Postcards From The Clipping Plane
Conveniently ignoring the serious side of videogame development
I’ve been deep in the world of Battlefield 1, and I’ve never been muddier, more tense or more shot at. The word ‘immersive’ is used too much, but this game does really put you into the First World War and shake you until you rattle. I was sitting in front of it, haunted at the carnage I was causing, when I received an annoyed message from another player. It read: “Tell your mother and your sister to get out of my house”. Instantly the spell was broken, and I had to laugh.
The ability to send and receive messages to and from other people while you’re playing is commonplace, of course, but for me it’s an instant way of dropping back into uncomfortable real life. Most of them tend to be from clearly enraged nine-year-olds who take the idea of being killed and having to respawn far too seriously. More often than not I get a plaintive “Why???” I used to reply that I was playing a game and that’s why, but now I just leave all these things unanswered and, if possible, unread.
And actually talking to other players with a microphone takes any gaming experience to a different place entirely. These are real people undergoing a usually intense experience in which they’ve invested heavily. And because, frankly, most players in most games are better than me, I’m usually the target of their ire, especially when playing cooperatively. Don’t, I tell them, expect me to grab the loot or drive the tank or, really, to do anything upon which others depend. I die or fail so often when I’m playing that I’ve been accused of trolling in the past.
No, the way to do it is to only talk to people you know while you play. And the way to do that is set up a group Skype call on a laptop next to your console. I should probably say that other VOIP packages are available. But doing this is the way forward. You’re not hampered by unpleasant plasticky hardware, and you’re just chatting specifically to those people you’d actually want to spend time with. It’s how all cooperative gaming experiences should be approached.
The trouble with random people on the Internet is that cooperative play isn’t cooperative at all. Everybody is out for themselves and it just so happens that it might benefit others in the same team. I think it boils down to demographics. Kids are not usually team players, and give them the anonymity of being online halfway across the world and all they’ll do is get what they want, regardless of others. To such people, we are all non-player characters. I’ve had people – vital people with crucial roles to play in a co-op mission – just leave the keyboard or joypad to go and watch TV or eat fish fingers, without a thought for the seven other players sitting in the back of the plane waiting to be skillfully flown over the dropzone. It’s scary to think that there’s a generation of kids for whom nobody else matters. Or at least there might be. I don’t care about them enough to do any research into this.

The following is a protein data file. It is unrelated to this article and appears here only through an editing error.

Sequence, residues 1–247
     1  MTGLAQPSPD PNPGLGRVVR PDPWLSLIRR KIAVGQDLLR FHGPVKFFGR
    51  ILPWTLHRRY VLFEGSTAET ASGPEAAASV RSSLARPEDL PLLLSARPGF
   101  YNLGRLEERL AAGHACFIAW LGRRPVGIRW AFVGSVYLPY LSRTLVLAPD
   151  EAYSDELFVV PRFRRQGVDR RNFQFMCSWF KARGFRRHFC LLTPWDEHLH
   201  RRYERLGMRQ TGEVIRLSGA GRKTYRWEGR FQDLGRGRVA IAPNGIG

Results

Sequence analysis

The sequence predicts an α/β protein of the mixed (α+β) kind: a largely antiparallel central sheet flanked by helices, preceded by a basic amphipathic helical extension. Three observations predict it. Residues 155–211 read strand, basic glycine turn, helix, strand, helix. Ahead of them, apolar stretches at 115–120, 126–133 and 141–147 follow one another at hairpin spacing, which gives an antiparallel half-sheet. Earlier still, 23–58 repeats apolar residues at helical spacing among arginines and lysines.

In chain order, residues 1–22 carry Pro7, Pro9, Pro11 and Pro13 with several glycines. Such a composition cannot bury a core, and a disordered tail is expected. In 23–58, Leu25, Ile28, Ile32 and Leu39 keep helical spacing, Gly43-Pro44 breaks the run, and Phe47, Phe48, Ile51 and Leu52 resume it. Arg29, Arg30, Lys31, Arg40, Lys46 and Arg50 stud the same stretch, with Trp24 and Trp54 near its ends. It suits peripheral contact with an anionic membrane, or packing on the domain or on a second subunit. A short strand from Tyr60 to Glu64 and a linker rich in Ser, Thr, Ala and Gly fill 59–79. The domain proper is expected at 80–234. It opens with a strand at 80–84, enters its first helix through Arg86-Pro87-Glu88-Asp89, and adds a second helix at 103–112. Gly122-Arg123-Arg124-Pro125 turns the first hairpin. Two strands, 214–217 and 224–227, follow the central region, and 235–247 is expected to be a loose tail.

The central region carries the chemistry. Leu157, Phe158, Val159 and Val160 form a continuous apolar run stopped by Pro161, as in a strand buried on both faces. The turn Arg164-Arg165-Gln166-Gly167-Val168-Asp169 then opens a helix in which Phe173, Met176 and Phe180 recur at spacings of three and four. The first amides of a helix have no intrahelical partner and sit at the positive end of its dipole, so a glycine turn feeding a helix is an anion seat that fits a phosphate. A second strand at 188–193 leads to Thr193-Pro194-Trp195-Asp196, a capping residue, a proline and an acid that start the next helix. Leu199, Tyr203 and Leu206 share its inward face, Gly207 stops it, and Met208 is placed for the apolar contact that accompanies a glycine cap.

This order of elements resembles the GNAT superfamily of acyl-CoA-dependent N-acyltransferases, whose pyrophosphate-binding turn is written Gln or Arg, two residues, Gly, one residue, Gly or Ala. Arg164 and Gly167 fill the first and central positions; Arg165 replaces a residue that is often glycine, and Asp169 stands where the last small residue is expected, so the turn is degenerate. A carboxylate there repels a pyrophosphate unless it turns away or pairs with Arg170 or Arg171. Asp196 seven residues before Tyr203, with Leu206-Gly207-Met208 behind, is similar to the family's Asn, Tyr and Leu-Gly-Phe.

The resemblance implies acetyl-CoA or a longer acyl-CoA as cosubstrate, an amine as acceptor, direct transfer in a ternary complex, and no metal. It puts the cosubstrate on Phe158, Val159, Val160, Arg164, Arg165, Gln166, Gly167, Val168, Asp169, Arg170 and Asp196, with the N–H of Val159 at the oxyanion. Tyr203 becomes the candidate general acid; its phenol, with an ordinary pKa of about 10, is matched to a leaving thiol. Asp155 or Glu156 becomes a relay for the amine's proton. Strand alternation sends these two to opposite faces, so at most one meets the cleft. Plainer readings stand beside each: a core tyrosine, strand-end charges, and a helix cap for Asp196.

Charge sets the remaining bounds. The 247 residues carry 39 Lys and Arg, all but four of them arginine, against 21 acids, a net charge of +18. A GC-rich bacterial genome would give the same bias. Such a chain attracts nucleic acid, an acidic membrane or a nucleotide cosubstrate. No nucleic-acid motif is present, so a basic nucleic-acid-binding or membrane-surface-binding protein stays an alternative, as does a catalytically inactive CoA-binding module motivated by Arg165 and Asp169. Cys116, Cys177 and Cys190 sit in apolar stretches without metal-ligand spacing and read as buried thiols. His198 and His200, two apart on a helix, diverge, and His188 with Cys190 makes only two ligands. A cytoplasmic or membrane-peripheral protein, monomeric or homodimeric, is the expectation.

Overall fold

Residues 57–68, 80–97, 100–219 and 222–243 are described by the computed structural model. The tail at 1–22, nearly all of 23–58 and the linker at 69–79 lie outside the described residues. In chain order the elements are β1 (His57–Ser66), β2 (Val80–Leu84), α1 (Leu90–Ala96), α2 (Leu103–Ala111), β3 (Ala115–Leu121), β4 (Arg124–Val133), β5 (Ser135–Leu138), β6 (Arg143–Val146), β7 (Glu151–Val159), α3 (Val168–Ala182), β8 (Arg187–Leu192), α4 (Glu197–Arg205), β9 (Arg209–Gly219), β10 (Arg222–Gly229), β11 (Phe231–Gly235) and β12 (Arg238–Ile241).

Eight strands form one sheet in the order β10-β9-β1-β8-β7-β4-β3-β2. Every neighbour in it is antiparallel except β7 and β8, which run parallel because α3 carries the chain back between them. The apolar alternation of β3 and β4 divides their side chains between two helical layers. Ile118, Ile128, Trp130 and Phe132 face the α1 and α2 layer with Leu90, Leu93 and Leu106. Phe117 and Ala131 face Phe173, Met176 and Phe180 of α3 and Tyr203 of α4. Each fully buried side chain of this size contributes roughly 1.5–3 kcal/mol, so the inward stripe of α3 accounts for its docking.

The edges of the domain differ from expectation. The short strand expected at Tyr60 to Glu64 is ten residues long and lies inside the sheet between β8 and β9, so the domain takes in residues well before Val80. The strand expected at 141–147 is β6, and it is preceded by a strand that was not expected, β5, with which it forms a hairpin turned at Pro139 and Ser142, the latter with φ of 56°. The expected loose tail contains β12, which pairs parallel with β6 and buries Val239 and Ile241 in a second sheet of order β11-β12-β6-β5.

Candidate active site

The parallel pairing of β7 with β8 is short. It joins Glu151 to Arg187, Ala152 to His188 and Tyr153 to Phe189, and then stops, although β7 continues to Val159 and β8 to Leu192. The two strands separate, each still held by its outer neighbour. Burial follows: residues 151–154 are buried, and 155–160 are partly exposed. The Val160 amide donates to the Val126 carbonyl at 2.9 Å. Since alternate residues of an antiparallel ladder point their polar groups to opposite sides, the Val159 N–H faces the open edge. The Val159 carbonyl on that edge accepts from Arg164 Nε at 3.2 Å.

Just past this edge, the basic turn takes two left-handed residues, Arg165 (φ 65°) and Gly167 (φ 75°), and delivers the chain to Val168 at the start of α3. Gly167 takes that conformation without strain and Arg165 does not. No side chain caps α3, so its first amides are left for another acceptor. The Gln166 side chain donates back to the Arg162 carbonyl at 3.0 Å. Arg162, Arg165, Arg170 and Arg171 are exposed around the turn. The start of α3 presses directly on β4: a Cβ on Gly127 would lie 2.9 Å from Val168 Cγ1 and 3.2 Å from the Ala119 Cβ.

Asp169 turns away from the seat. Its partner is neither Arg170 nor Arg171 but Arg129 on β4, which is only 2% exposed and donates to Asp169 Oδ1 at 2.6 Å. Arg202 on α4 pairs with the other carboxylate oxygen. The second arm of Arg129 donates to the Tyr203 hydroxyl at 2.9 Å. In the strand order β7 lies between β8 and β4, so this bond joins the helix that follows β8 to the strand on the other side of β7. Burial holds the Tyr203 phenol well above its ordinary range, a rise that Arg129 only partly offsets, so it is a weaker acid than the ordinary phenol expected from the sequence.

And there are other little swines who set out to deliberately troll and mess up cooperative play, too. I was recently the victim of this while having a relaxing little game of online golf with someone in some far-flung cocountry, or Bolton or somewhere. As I started to pull ahead on the leaderboard, I noticed ththat the other player was taking longer and lolonger to set up their shots. Because I’m genuinely not suspicious, I took this to mean that they were trying harder, and planning a heroic fightback. Nope – it turns out they were just eking the time out because it meant that I had to sit and wait. Eventually they realised that they would remain the active player if they were farther from the pin than me, so they took ages to chip the ball a few feet at a time. I watched this from a position of calmness, knowing that as you get older the perception of the time passes more quickly, so 20 minutes of this would have been far more painful for the troll, who was surely about five years old. And, of course, on the final hole they quit, depriving me of the win.
It’s inevitable that people will troll or send abuse in any game where such a mechanic is supported. It just seems wrong to do it in an intense and rather emotionally harrowing game such as Battlefield 1. I mean, as a meatgrinder of a conflict, it was bad enough without name-calling and deliberate spoiling tactics. But if it is to happen, I say at least stick to insults that would have been current at the time. There’s nothing wrong, if you see me slam my biplane into a hospital on my own side, with calling me a frightful buffoon. War might be hell, but we can at least be a bit nicer about it.
I’ve had people – vital people with crucial roles to play – just leave the keyboard to go and watch TV or eat fish fingers